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Katrina Haffner, president of WWU's libertarian club and a fellow fan of liberty, declares herself a "collectivist" in this post:
 I have been called a "collectivist" by some libertarians, as if it was a derogatory word. I will admit: I am a collectivist.

So many times have I seen libertarians bashing collectivism and embracing individualism - identifying with being a part of a group is "bad" (hmmm, how about libertarianism?). Why is that? How is being a part of a group a bad thing? And why do libertarians place an emphasis on the individual?
That's sure to rankle most libertarians, who may have a different definition of the word than she does.

19 July 2013

Repairing the foundations

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It might be damning with faint praise, but Elizabeth Warren could be the most lucid legislator in D.C. Even if a new Glass-Steagal doesn't end up being a panacea, I think it could have an effect akin to (but not identical to) the Civil Rights Act. That bill didn't end racism, but it did fundamentally change the cultural conversation. Now it's just not okay to be (openly) racist. Glass-Steagal makes it not okay to mash up speculative investments with routine banking.

I think it's an important but underlooked principle that while a market may be wild and free to allocate resources as it will, the foundations and fundamentals supporting that market need to be robust. Otherwise there's a greater risk that the whole thing will just go off the rails and collapse.

06 July 2013

No secret revealed

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Sort of grimly foreboding if you substitute "War on Terror" for "Cold War":
We are opposed around the world by a monolithic and ruthless conspiracy that relies primarily on covert means for expanding its sphere of influence--on infiltration instead of invasion, on subversion instead of elections, on intimidation instead of free choice, on guerrillas by night instead of armies by day. It is a system which has conscripted vast human and material resources into the building of a tightly knit, highly efficient machine that combines military, diplomatic, intelligence, economic, scientific and political operations.

Its preparations are concealed, not published. Its mistakes are buried, not headlined. Its dissenters are silenced, not praised. No expenditure is questioned, no rumor is printed, no secret is revealed. It conducts the Cold War, in short, with a war-time discipline no democracy would ever hope or wish to match.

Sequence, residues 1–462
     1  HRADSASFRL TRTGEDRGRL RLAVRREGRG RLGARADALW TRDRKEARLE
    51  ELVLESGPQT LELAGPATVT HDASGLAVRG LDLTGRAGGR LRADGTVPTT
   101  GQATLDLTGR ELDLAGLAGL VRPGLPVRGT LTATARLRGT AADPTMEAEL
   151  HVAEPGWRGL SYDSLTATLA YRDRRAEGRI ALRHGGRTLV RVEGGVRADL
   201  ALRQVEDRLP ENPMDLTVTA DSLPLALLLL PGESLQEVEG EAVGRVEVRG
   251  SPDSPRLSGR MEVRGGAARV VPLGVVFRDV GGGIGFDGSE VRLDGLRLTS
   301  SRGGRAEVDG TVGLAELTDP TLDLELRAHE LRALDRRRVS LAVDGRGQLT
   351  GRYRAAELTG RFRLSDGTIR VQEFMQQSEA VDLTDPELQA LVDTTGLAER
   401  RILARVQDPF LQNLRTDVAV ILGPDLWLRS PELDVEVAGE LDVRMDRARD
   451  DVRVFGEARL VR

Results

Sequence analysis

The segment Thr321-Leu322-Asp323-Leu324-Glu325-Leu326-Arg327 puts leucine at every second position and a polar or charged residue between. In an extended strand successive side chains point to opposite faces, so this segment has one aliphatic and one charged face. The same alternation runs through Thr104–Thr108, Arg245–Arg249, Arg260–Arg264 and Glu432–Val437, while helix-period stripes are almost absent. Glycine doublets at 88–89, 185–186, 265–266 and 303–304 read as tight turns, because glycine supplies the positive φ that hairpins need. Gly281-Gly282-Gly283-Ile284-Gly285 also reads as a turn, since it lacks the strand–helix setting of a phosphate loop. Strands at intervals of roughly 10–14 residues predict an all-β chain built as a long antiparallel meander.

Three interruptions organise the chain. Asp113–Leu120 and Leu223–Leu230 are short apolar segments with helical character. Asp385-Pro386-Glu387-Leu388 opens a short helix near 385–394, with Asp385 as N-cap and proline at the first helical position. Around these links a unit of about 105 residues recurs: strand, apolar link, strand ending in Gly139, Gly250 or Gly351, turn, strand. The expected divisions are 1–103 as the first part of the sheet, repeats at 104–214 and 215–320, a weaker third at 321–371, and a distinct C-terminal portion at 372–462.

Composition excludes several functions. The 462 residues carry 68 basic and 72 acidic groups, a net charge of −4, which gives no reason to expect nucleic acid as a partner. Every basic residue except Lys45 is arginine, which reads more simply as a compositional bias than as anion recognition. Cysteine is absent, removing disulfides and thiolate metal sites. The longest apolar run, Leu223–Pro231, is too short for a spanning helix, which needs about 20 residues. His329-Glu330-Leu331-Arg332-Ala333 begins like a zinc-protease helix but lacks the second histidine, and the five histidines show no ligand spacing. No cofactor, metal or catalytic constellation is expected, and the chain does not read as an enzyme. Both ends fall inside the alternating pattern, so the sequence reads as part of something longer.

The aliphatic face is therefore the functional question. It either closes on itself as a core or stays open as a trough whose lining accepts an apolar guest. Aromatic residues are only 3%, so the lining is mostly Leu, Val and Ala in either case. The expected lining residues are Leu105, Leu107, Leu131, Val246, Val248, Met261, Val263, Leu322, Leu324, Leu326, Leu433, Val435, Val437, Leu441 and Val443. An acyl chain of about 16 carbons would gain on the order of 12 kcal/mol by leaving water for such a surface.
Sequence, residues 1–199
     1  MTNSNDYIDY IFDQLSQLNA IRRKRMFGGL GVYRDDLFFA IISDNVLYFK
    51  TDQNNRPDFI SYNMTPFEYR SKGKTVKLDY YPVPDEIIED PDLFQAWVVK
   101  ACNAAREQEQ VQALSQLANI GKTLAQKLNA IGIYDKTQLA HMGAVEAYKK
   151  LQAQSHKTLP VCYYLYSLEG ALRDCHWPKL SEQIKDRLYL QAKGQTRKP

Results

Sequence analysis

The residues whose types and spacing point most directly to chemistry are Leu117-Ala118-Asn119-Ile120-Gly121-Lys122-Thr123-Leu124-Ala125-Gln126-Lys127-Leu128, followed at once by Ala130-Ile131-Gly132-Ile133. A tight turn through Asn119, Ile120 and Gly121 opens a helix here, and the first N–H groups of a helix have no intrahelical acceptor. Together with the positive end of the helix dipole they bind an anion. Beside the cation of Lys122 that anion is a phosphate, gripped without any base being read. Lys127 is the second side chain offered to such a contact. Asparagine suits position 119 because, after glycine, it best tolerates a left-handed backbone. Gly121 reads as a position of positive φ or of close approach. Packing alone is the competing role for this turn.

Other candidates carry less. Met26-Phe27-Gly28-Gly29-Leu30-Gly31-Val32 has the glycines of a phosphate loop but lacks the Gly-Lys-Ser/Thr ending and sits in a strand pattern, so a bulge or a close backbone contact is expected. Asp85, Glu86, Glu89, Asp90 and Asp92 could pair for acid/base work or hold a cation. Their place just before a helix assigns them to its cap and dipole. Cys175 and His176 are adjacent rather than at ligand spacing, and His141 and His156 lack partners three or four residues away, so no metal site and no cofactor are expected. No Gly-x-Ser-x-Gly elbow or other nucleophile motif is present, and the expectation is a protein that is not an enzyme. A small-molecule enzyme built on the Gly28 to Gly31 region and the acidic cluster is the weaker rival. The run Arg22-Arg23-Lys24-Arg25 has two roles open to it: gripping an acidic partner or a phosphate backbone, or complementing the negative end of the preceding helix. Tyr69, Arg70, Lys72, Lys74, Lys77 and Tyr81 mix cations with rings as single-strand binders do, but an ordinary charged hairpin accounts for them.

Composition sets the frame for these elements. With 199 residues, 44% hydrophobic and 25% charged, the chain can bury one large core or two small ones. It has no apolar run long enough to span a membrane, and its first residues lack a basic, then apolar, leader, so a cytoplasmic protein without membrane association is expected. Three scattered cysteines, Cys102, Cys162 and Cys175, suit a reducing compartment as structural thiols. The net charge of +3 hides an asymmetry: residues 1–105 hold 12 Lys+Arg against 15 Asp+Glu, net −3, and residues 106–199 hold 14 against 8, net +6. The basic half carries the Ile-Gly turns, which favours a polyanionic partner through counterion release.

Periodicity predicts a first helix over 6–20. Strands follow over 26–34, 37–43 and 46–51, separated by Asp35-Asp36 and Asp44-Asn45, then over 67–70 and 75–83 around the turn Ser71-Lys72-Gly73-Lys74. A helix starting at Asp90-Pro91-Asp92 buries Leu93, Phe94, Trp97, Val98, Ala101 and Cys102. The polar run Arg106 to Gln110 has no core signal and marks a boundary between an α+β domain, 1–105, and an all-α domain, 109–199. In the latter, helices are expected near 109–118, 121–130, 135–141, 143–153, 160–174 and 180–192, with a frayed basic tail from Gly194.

-- John F. Kennedy, speech to the American Publishers Association (27 April 1961)

The "conspiracy" JFK was referring to was, of course, Soviet communism, and what we have now is not a conspiracy but still something "no democracy would ever hope or wish to match." Definitely a case of best intentions going awry, and a reminder that a free and open society is always balanced on a knife-edge.

I don't think we're there enough to make it a perfect analogy. But it's worth noting that oppressive systems arise from, basically, oppressive emotions, particularly fear. That's one crucial lesson of the 20th century, in my opinion. Refuse to be terrorized, and demand a look-see into the halls of power.

... and all that said, I still think that Edward Snowden is a dangerously self-righteous idiot.

07 June 2013

A thought experiment

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Consider the following scenario:
Someone who identifies as a member of Group A winds up in the "wrong part of town." Before they can get to friendlier territory, a band of members of Group B surround the person, calling them A-slurs and brandishing weapons. When the person tries to escape, the Bs chase them down and beat them to within an inch of their life. As the person lies bleeding in the street, the Bs walk off, laughing, only to yell back, "That's what happens when we catch a fucking A in our neighborhood!"
Now run over possible real-world identities to fit into A and B. Maybe A is white and the Bs are black. Maybe it's the other way around. Maybe A is a woman and the Bs are men. Maybe A is LGBT and the Bs are gay- or trans-bashing religious hardliners. Maybe A is Jewish and the Bs are skinheads. Maybe there are other, more implausible possibilities (women beating up a man, e.g.).

The point, though, is this: If you consider any choice of A and B to be less severe than others, you're part of the problem.

04 June 2013

Good intentions

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or, A waltz down the primrose path of I-don't-even-know-what

I've been meaning to finish the companion piece to this blog post (forming the third in a trilogy of social justice musings) but then Facebook happened. Okay, I might have poked a hornet's nest with this one, but I really want to understand a certain mindset. There's a certain kind of person who holds social justice as a very high goal (not bad; in fact, commendable) but who takes up the arms and armor of highly charged political language. I don't know what to call these people other than "social justice crusaders." They're activists-plus. They confuse the hell out of me.